Friday, April 20, 2007

Words of Preparedness from the University of Virginia

I've been compelled to write a lot today. Things are about to change a little and I don't know how it'll impact my writing. But I wanted to share an email from the Office of the Vice President and Chief Student Affairs Officer Patricia Lampkin at the University of Virginia in response to this week's terrible events at Virginia Tech. This email reached the entire UVA student community.

The complete text follows and represents exactly some of the steps schools everywhere should be taking, some of what I wrote about earlier in the week.

"We are nearing the end of a long, difficult week. From the words of Virginia Tech student leader Elizabeth Hart in an open letter to our community, it is clear that your outpouring of support has been a source of comfort during a time of great loss and suffering. For so many of us, fully absorbing what has happened at our sister campus and coming to terms with it will understandably take time.

"One subject now on many minds is our own safety procedures at U.Va. Yesterday, I sent parents an e-mail summarizing steps that the University takes to address and communicate critical incidents. You can read this message at:

"Reviewing and strengthening our safety procedures is an ongoing priority. This fall we will be adopting a new emergency communications system that will combine LCD broadcast screens in key buildings with text messaging to cell phones, which will deliver information and instructions based on the circumstances. You will hear more about this in the near future and will have an opportunity to register your cell phone number with the University, solely for emergency communications. We will continue to use other forms of communication to ensure that multiple systems are used as effectively as possible.

"Safety is both an institutional issue and a personal one. While experts tell us our schools and cities are statistically safer than ever, we must accept the realities of random, inexplicable violence. Being prepared for the unexpected has to become part of taking care of ourselves.

"What can we do personally? Being prepared does not mean living in fear. It does mean taking safety seriously and not blithely dismissing the simple things ~V locking your doors, walking friends home when it is dark and late, and reporting situations that bother you.

"If you are in immediate danger, call 911. If you are on Grounds near a blue-light phone, you can pick it up and immediately be connected with University Police.

"Basic safety reminders cannot constitute a set recipe that will apply in every conceivable situation. Your own judgment is an important factor. Remembering the basics is a good place to start. Please read these reminders with fresh eyes and a commitment to your personal well-being:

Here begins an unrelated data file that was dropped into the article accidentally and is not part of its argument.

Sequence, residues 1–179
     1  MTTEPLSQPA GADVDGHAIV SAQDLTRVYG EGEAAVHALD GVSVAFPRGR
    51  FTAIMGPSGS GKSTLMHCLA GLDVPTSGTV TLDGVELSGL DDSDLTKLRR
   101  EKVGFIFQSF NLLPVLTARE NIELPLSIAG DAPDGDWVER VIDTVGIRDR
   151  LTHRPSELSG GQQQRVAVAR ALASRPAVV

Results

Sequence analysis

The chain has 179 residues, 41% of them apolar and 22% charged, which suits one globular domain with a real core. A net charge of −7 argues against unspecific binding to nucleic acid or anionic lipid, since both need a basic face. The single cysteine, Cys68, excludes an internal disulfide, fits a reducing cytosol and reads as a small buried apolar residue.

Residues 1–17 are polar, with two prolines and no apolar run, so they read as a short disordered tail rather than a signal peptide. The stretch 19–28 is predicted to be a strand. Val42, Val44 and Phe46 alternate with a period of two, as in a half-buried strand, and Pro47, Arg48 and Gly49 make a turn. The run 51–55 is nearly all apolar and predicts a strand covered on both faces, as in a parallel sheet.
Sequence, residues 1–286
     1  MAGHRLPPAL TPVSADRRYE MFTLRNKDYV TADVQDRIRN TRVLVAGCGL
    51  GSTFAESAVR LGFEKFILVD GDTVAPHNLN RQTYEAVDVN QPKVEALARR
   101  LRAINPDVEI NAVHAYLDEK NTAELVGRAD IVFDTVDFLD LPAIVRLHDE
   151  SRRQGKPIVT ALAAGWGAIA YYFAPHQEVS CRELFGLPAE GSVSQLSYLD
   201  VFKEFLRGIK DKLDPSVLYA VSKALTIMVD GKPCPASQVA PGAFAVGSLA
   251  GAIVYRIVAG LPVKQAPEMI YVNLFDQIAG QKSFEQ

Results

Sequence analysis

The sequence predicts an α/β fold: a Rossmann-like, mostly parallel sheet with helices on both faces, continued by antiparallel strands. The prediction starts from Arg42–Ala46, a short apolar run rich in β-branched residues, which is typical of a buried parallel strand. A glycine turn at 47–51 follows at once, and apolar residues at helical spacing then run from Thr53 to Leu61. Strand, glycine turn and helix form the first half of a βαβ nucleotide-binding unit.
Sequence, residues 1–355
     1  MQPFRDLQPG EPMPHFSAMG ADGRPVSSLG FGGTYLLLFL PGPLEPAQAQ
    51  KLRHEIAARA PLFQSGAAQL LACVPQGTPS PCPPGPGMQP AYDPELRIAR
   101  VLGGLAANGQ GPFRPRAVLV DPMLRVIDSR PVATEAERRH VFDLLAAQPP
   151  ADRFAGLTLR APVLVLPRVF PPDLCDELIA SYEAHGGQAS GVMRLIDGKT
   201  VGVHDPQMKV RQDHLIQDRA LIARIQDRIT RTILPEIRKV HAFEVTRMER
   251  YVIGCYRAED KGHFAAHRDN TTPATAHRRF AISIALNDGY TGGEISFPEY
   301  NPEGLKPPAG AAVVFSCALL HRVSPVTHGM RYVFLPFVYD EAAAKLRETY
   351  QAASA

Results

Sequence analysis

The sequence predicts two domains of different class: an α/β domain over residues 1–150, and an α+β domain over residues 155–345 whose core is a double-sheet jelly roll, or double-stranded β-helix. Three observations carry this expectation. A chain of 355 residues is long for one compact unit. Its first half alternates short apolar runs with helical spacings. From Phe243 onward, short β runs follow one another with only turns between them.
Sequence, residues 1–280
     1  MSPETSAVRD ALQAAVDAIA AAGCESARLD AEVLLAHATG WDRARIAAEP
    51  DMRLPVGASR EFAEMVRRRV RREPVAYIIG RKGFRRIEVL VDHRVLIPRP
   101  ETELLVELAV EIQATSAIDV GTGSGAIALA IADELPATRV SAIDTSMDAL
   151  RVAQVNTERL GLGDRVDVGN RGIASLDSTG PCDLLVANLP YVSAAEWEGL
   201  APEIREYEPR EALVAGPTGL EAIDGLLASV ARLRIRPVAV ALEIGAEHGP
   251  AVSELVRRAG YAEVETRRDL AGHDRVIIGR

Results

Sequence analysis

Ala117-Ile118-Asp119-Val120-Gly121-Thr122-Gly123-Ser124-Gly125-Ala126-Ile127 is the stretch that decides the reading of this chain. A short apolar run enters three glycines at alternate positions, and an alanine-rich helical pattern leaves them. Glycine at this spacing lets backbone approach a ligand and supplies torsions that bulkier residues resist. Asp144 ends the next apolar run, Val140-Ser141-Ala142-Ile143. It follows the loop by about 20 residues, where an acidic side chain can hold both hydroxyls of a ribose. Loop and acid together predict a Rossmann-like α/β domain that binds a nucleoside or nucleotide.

"Personal Safety
* Be aware of your surroundings. Be careful not to use a cell phone or iPod that may distract you while you walk alone in the dark.
* Avoid isolated areas.
* Avoid walking alone at night. Use SafeRide, walk with friends, or take a late-night weekend bus. The number for SafeRide is 434/242-1122.
* Use the lighted pathway system.
* Tell a friend where you are going and when you will return.
* Trust your instincts about a person or situation. If you feel uncomfortable, remove yourself from the situation and immediately report your concerns to police by calling 911.

"Using Cell Phones
*When an emergency occurs, it is important to keep cell and phone lines open so that communication systems are not jeopardized. Work with your parents and family to develop a communication plan in a time of crisis.

"Residence Hall Safety
* Never allow strangers to follow you into the building.
* Call 911 if you see someone in the building who seems suspicious.
* Never prop open card-reader doors or leave room doors open.
* Secure doors and windows prior to leaving.
*Contact your Resident Advisor should you have concerns about the safety or well-being of someone living in your dorm.

"Home/Apartment Safety
* Keep doors and windows locked.
* Use outdoor lighting.
* Work with your landlord to ensure that overgrown shrubs and trees are trimmed in order to reduce the possibility of prowlers hiding in dense, darkened areas.
* If you see any of the following, immediately call the police at 911: a prowler, someone peeping into a residence, an individual watching, photographing or filming an area, or any other suspicious behavior. You can remain anonymous in your report.
* Work with your neighbors and fellow community members to ensure a safe environment.

"If a Crime is Witnessed
Call 911 or anonymously provide information by going to the Crime Tips Web site:

"Bias Incidents
If you or someone you know witnesses a bias incident, help is available. The following Web site provides complete details on how to report the incident, what constitutes bias, and what you can expect in response from the University:

"In closing, I encourage you to continue to seek support from your friends, parents, fellow students, faith communities, and all of us who care about you. Focus on your studies and your interests, and find strength from the people around you."

-Vice President and Chief Student Affairs Officer Patricia Lampkin

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